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UNIT 6 THE SOCIAL STRUCTURE

Structure

1.1 Introduction
6.1 Introduction

6.2 The Nature of Modern Society

6.3 Economic and Demographic Changes

6.4 Urbanization

6.5 Changes in Working Lives and Social Structure

6.6 Modernization: Secularization and Rationalization
Modernisation: Problems of Mass Society

6.7 Modern Society and World Society

6.8 New Developments in Social Structure

6.9 Summary

6.10 Exercises


6.1 INTRODUCTION

The previous two Units of this Block focused on the transformations in the realm of State and Economy. This is the last Unit of the Block and talks about new social configurations that were ushered in by the process of modernity. Far reaching, profound and irreversible changes took place in virtually every section of the society, e.g., new demographic profile, erosion of traditional communities, declining hold of religion, secularization of life in general, massive, transfers of population both forced and voluntary – from villages to cities, creation of new and large urban centre, and creation of new jobs and occupations. All these changes were limited to, and product of, a new type of economy which established strong roots in some parts of the world around the 18th – 19th centuries. This Unit elaborates each of these aspects in detail.

6.2 THE NATURE OF MODERN SOCIETY

Modernity can best be approached against the background of what went before. A broad distinction may be drawn between agrarian and industrial; rural and urban societies. The most rapid changes with regard to these distinctions took place during the 19th and 20th centuries, when the hierarchical categories that had endured in the (mainly) agrarian societies for millenia began to change irrevocably. Industrial structures took much of their characteristic form from the rejection of pre-industrial ways, and modernity derived meaning and momentum by contrast with what went before. Thus modernization may be viewed as a process of individualization, specialization and abstraction. Firstly, the structures of modern society take as their basic unit the individual rather than the group or community. Secondly, modern institutions perform specific tasks in a socio-economic system with a complex division of labour in contrast with the peasant family. Third, rather than attaching rights and prerogatives to particular groups and persons, or being guided by custom or tradition, modern institutions tend to be governed by general rules and regulations that purport to be rationally, if not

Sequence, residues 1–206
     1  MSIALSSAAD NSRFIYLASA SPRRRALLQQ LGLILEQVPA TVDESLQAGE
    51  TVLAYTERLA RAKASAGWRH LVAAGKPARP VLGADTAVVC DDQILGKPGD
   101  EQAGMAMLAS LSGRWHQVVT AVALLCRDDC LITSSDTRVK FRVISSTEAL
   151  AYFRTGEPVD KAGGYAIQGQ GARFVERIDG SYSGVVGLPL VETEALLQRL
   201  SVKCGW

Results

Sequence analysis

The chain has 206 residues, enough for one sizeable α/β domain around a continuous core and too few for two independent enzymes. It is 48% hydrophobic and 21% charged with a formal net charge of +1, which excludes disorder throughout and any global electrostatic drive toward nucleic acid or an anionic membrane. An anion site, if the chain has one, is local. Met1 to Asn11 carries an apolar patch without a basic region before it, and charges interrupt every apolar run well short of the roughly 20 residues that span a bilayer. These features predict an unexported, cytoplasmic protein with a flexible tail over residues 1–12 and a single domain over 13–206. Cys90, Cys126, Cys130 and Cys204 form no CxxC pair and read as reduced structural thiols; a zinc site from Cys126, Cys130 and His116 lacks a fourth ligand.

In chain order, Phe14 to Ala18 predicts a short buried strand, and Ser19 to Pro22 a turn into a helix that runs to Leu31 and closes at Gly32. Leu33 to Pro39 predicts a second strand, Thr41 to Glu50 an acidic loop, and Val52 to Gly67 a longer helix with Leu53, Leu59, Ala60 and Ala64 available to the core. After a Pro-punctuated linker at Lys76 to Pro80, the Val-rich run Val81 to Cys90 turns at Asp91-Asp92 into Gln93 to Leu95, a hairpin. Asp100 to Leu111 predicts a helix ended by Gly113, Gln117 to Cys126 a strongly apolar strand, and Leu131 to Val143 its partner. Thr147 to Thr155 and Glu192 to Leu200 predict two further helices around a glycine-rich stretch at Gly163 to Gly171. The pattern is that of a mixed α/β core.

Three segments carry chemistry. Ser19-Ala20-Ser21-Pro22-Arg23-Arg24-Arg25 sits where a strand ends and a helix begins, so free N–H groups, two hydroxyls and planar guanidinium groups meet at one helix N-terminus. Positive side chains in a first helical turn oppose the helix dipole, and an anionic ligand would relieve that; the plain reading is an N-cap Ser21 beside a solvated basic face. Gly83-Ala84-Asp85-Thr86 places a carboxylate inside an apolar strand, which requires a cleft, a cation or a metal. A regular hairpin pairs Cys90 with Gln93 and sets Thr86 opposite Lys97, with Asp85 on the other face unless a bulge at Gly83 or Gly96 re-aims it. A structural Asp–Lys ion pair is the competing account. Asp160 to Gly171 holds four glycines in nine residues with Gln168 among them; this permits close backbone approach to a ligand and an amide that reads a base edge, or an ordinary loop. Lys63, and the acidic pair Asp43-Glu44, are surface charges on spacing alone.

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Class society in the 19th century emerged from the estates hierarchy of feudalism. Gradually at first and then more rapidly after the advent of the industrial revolution the classifications of landlord and peasant began to be supplemented by that of capitalist and worker, although it would be simplistic to suggest that the older class divisions were replaced by the new ones. The socialist (especially marxist) political tradition, however, predicated its analyses upon the fact that capitalist relations of production were bound to subsume all social relations within its ambit, and promote the appearance of two major classes, bourgeois (capitalist) and worker. Alongside this, modern industrial society saw the new emergence of strata like the professionals, intelligentsia, and the lower middle class or petty bourgeoisie.


6.3 ECONOMIC AND DEMOGRAPHIC CHANGES

World population had reached about 500 million by the middle of the 17th century. During this time tendencies towards population growth were checked by starvation and disease. The Industrial Revolution of the 18th century engendered certain changes. From about 1700 there was a rapid population explosion. Since then global population has increased more than eightfold, reaching 4.8 billion by the mid-1980s, and more than six billion by 2000. Thus, not only population but its rate of increase has also accelerated since the advent of industrialization. Europe’s population doubled during the 18th century, from roughly 100 million to almost 200 million, and doubled again during the 19th century, to about 400 million. Europe was also the location for the pattern known as the demographic transition. Improvements in public health and food supply brought about a drastic reduction in the death rate but no corresponding decline in the birth rate. This contributed to a population explosion in the 19th- century. Only later did the phenomenon emerge of urbanized populations voluntarily lowering their birth rates. The century of Russian and Soviet industrialization that began in the 1880s also illustrates the link between industrialization and population.